In early 2012 the Obama Administration implemented a number of actions affecting certain countries’ eligibility under the program, including suspending GSP eligibility of Argentina. Argentina is among the top beneficiary country of agricultural imports under the program, accounting for more than 10% of all agricultural imports under the GSP (ranked by import value). Under the program, Argentina exported more than $250 million of agricultural products in 2010, including casein, olive oil, prepared meats, gelatin derivatives, cheese and curd, sugar confectionery, wine, and other food products. The President suspended GSP benefits for Argentina because “it has not acted in good faith in enforcing arbitral awards in favor of United States citizens or a corporation, partnership, or association that is 50 percent or more beneficially owned by United States citizens.”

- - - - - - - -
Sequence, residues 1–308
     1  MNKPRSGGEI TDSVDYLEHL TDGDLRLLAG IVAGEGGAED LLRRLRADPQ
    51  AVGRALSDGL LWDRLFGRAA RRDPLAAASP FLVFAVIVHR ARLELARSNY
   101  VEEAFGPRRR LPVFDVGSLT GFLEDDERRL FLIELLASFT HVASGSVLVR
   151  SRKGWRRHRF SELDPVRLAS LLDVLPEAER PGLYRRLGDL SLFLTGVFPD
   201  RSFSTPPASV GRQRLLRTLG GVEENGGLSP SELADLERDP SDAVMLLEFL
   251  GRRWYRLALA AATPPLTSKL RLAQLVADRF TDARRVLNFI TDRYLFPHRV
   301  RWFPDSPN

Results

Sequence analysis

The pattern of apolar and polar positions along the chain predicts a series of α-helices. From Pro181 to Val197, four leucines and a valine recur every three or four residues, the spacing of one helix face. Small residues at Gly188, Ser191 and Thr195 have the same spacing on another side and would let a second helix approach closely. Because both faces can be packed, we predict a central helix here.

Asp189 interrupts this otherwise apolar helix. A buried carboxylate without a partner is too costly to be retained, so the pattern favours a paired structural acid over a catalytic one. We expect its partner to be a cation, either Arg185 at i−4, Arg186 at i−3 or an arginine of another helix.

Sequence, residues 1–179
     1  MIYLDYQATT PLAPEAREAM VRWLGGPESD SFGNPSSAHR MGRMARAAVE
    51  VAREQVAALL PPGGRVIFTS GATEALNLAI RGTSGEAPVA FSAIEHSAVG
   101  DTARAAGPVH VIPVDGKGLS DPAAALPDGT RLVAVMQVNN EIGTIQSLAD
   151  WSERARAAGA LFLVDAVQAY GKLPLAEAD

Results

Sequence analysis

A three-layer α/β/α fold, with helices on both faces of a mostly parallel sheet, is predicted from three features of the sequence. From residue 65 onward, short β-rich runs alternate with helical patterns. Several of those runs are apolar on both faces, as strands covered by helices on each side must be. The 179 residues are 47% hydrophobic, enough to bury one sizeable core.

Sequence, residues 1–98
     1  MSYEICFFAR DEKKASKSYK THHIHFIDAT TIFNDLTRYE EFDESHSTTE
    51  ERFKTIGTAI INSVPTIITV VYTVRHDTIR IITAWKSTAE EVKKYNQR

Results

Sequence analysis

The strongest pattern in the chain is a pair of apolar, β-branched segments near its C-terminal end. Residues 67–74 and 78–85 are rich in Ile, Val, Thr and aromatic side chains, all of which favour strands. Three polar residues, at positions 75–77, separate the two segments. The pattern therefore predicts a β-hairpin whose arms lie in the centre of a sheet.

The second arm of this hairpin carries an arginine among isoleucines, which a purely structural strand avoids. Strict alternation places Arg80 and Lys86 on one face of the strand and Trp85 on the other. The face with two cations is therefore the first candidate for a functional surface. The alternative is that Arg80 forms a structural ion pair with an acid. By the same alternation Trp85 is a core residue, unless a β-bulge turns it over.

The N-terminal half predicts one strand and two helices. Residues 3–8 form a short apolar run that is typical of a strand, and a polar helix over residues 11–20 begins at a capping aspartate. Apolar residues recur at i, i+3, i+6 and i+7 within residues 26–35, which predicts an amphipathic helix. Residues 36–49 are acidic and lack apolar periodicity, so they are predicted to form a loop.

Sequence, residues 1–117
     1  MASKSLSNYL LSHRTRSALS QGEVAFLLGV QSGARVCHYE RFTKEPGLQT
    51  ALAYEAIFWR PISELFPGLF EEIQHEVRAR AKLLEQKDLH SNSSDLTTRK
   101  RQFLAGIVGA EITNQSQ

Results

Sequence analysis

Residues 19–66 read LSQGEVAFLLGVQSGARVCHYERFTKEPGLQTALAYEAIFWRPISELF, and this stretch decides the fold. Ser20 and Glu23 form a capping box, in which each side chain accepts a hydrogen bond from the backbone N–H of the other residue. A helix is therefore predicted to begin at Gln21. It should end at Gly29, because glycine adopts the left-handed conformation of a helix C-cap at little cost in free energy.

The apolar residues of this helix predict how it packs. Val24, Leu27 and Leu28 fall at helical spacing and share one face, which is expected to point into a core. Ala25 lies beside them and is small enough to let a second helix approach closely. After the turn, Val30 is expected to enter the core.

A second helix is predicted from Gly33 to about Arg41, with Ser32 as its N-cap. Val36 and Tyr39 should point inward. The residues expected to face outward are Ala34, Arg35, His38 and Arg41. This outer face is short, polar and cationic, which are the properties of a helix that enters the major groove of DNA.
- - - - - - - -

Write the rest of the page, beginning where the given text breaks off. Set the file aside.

Date of Report: November 21, 2012
Number of Pages: 10
Order Number: RS22541
Price: $29.95

To Order:


RS22541.pdf  to use the SECURE SHOPPING CART

e-mail congress@pennyhill.com

Phone 301-253-0881

For email and phone orders, provide a Visa, MasterCard, American Express, or Discover card number, expiration date, and name on the card. Indicate whether you want e-mail or postal delivery. Phone orders are preferred and receive priority processing.


Tuesday, November 27, 2012

Expiration and Possible Extension of the 2008 Farm Bill



Jim Monke
Specialist in Agricultural Policy

Megan Stubbs
Specialist in Agricultural Conservation and Natural Resources Policy

Randy Alison Aussenberg
Analyst in Nutrition Assistance Policy